This article shows a way to increase students' appreciation of what represents and offers some activities that will enable them to arrive at their own approximations of within bounded limits.
To use the methods that follow, your students will need to know the basic trigonometric ratios. They will also need to use the trigonometric function keys on a calculator. By building on these skills, the activities might provide a good preparation for the the idea of limits in a pre-calculus context. An optional activity requires a computer with a fairly basic spreadsheet application.
The motivation for this article comes out of some responses to the question 'what is ?'. Some students seem to think it is merely a number which is used to calculate the area of a circle or its circumference. One mature-age student had been told in the pre-calculator days that was 22/7, and that was that! Often, seems to be 'defined' as a calculator key. Not often enough, perhaps, is seen for what it is: the exact ratio of the circumference (C) of a circle to its diameter (d).
At all events, it doesn't seem to be widely recognised that is an extremely important number which has many interesting properties and is deserving of study in its own right.
I believe a good way to get an 'intuitive feel' for the fact that = C/d is by following the reasoning used by Archimedes who developed the first scientific method for calculating in about 240BC. [You may wish students to construct some or all of the following diagrams with a compass and protractor or you may prefer to use prepared overhead transparencies.]
The bottom line is that by expressing the perimeters of the 96-sided polygons to the diameter of the circle, he knew that:
We start by calculating the lengths of one side of a polygon. Students should begin by constructing two circles of the same arbitrary radius which can be set to r = 1. By using a protractor, hexagons can be readily constructed in the following fashion - figures 4(a) and (b).
Now we want to double the number of sides to the polygons so that we get a better approximation of the circumference. Students should quickly grasp that this is done by bisecting the angle ACB in each case - figures 5(a) and (b).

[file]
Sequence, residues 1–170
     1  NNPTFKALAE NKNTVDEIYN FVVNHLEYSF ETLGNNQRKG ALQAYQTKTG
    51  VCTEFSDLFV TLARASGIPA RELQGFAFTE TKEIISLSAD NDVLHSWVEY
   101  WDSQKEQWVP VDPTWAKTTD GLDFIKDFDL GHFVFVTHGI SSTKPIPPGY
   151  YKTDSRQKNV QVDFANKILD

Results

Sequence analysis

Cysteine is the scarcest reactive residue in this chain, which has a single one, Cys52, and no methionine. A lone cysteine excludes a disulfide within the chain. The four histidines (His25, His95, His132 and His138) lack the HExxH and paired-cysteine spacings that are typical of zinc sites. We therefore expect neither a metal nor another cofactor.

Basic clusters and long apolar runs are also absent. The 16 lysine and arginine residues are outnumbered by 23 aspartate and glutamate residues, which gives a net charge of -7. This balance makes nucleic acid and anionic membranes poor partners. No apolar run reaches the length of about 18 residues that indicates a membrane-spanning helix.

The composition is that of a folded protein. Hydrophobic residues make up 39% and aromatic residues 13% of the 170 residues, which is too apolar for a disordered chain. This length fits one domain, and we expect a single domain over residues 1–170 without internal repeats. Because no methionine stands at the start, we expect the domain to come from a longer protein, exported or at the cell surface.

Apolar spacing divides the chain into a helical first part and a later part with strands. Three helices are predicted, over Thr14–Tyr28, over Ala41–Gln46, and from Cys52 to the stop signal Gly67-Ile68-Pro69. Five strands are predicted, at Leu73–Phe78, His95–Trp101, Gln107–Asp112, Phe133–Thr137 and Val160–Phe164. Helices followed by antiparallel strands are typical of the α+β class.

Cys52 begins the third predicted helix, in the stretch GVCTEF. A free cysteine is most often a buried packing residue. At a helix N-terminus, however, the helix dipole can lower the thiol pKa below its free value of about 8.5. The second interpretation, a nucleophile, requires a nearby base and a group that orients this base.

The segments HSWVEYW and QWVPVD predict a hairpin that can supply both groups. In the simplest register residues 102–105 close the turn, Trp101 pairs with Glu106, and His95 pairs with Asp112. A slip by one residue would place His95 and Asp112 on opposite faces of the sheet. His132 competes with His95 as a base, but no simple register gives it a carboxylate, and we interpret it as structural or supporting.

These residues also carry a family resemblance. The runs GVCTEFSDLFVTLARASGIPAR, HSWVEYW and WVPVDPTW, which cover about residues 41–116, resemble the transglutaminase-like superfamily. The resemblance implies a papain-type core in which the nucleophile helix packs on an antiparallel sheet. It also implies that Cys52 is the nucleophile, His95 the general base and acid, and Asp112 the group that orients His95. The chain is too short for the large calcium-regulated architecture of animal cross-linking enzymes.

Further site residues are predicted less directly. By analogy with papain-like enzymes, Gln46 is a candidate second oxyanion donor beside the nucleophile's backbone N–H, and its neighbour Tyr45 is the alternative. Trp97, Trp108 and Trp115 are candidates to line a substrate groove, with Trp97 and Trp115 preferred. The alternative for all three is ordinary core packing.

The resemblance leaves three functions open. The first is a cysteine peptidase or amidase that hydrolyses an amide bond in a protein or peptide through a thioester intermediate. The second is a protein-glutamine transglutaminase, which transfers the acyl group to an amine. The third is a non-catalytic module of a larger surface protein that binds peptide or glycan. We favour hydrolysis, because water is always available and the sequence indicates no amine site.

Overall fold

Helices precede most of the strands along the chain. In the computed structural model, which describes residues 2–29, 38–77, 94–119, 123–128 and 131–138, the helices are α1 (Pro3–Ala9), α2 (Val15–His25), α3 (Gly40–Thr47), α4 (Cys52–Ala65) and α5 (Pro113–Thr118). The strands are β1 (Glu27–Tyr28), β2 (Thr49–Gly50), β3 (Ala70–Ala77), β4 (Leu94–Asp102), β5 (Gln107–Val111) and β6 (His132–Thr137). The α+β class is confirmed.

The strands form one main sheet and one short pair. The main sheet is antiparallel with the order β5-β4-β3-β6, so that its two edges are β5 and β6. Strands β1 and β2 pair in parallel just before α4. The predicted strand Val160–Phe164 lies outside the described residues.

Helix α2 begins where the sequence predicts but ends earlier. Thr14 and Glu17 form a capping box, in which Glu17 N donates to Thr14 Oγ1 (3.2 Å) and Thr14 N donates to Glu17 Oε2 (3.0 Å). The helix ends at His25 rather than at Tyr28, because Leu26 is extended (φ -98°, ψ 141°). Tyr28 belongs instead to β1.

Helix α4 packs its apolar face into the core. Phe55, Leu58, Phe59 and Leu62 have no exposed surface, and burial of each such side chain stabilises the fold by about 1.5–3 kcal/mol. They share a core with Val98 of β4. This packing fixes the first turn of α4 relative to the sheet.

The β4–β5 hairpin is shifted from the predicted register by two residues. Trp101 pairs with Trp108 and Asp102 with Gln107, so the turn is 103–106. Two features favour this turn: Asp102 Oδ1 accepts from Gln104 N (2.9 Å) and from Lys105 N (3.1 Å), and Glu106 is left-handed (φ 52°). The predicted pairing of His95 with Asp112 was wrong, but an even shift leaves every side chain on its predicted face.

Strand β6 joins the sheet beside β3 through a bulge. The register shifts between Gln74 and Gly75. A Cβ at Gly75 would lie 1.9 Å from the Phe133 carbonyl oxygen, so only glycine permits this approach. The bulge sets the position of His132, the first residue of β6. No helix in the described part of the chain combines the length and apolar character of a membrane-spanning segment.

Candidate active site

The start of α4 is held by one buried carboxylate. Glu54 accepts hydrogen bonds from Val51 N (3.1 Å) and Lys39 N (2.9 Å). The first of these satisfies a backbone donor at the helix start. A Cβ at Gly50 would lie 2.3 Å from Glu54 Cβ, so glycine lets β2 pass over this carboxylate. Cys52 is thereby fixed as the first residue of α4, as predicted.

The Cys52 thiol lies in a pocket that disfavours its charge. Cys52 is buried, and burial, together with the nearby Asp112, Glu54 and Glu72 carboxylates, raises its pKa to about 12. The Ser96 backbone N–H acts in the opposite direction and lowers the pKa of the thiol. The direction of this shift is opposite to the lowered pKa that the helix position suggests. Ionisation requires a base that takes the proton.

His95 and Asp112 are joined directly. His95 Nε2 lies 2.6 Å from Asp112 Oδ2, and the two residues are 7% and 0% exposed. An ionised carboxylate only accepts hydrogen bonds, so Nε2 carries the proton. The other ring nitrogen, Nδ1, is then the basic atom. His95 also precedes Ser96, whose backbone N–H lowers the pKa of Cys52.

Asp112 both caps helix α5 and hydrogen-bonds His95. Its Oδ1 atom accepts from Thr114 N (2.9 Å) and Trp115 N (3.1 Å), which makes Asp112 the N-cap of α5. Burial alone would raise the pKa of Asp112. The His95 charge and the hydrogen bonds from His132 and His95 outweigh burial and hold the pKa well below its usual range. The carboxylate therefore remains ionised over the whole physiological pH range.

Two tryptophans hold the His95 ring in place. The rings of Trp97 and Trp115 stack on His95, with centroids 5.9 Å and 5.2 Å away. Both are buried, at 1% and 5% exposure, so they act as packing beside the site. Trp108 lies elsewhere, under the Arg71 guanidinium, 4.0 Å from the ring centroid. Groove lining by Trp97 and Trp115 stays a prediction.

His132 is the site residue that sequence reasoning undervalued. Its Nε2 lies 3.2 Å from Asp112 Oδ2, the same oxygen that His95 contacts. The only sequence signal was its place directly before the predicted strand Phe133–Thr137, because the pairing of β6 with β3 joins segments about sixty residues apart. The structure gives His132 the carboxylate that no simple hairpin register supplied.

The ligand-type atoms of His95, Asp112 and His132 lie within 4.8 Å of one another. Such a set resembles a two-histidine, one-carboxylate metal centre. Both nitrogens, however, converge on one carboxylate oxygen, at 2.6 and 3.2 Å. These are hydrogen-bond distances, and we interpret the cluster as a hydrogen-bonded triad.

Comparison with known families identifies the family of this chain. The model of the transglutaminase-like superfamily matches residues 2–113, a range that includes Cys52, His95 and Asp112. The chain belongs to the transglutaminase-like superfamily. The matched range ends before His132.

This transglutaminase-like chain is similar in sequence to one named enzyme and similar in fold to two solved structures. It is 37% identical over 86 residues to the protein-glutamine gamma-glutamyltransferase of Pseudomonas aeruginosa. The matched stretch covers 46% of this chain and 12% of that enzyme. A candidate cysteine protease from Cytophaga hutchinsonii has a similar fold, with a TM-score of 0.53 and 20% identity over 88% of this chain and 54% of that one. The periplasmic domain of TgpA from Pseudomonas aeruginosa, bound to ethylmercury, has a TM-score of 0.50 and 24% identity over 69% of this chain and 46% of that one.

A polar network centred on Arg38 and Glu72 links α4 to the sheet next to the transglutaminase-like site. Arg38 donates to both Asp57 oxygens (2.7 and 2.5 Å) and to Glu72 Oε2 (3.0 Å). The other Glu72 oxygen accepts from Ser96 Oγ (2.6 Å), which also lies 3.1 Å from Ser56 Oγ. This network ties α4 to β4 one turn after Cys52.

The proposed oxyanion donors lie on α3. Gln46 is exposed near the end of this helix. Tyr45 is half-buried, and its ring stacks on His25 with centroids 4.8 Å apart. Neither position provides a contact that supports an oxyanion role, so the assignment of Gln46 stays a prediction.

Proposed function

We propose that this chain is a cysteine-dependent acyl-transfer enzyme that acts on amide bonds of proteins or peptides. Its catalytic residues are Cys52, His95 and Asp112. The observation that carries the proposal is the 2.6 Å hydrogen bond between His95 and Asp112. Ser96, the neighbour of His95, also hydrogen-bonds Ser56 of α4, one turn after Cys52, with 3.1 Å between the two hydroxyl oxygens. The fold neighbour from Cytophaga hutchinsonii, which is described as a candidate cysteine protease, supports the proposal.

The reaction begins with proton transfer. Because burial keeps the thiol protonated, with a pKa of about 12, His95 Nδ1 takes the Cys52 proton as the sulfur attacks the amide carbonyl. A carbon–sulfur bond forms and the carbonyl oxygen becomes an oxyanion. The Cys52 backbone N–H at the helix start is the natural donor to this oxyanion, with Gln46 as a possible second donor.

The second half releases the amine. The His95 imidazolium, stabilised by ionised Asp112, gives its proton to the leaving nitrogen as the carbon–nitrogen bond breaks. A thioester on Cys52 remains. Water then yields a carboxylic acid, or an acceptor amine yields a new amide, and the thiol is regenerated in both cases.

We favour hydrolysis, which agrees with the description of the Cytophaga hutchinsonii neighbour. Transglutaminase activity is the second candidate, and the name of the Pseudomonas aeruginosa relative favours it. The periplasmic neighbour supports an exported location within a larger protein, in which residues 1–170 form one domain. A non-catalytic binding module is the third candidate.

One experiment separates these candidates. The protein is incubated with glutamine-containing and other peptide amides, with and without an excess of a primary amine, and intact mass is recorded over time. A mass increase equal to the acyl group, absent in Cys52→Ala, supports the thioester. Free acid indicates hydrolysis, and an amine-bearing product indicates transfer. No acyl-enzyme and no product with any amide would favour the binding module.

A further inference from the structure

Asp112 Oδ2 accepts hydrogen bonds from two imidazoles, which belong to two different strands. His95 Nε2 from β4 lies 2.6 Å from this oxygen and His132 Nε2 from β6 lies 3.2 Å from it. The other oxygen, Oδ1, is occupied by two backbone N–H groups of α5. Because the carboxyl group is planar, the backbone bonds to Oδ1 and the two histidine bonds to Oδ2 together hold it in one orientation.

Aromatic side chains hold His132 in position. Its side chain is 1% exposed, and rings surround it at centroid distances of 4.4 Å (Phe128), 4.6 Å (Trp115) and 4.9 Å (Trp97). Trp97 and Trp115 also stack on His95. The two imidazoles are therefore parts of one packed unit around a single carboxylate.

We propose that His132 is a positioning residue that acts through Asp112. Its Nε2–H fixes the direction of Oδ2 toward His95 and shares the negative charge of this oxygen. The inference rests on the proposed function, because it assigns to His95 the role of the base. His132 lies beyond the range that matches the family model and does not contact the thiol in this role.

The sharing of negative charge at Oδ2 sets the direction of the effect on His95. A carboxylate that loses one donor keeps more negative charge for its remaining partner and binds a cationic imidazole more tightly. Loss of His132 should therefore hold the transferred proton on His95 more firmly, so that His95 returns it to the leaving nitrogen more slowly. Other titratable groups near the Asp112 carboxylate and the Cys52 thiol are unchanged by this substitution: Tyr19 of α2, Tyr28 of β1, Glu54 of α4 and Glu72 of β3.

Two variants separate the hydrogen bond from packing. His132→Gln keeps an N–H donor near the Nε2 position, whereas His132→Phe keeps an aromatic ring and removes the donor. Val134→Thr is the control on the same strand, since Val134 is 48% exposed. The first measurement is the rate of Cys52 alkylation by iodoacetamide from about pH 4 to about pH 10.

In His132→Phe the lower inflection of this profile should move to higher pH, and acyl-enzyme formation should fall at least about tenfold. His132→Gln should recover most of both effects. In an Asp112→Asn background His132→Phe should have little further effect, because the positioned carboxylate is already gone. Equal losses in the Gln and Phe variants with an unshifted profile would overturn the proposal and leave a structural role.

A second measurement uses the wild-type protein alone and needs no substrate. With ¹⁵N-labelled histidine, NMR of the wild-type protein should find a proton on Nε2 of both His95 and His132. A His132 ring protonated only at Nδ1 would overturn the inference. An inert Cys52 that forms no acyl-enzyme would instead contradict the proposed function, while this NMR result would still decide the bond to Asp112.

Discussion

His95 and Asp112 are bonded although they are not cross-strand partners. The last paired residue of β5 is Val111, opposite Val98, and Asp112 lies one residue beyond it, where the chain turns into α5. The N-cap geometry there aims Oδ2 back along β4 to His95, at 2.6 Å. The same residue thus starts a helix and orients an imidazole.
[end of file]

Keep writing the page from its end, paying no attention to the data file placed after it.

For example for the circumscribed polygon - figure 5(a)
By now it may have occurred to some students, at least those who have some knowledge of sequences and series, that two sequences emerge from the continuous doubling of the number of the sides and the bisection of the angles. The number of sides of the polygons are
6 = 3(2), 12 = 3(2x2), 24 = 3(2x2x2), 48 = 3(2x2x2x2),...
and the angles are
30 = 60/2, 15 = 60/(2x2), 7.5 = 60/(2x2x2), 3.75 = 60/(2x2x2x2),...
Thus, we can state that
With this limit-bounded formula, students could of course play around with their calculators to get various approximations of . If your class has access to a standard spreadsheet, you may wish to try the following activity.
It is simple enough to use a standard spreadsheet to get a table of successive approximations of .
At this point, students could reflect on:
which side of the limit, 'tan' or 'sin' boundaries, starts-off as a better approximation to the rates at which they appear to converge towards Archimede's limit for the 96-sided polygon given above. Plotting the data might assist:
The purpose of this article was to heighten students' appreciation of as an irrational number by first demonstrating that the circumference of a circle can be approximated by considering the inscription and circumscription of a series of polygons. Students will then see that by expressing these approximations as a ratio to a diameter, exists within bounded limits and hence can be approximated as accuracately as we please (as Archimedes himself might have said).
Students learning calculus might find the inequatities (*) interesting in another situation. Dividing through the inequalities (*) by
Hence, as n increases, approaches 0 and hence approaches 1.
Thus is sandwiched between 1 and a sequence that converges to 1, giving some justification to the fact that
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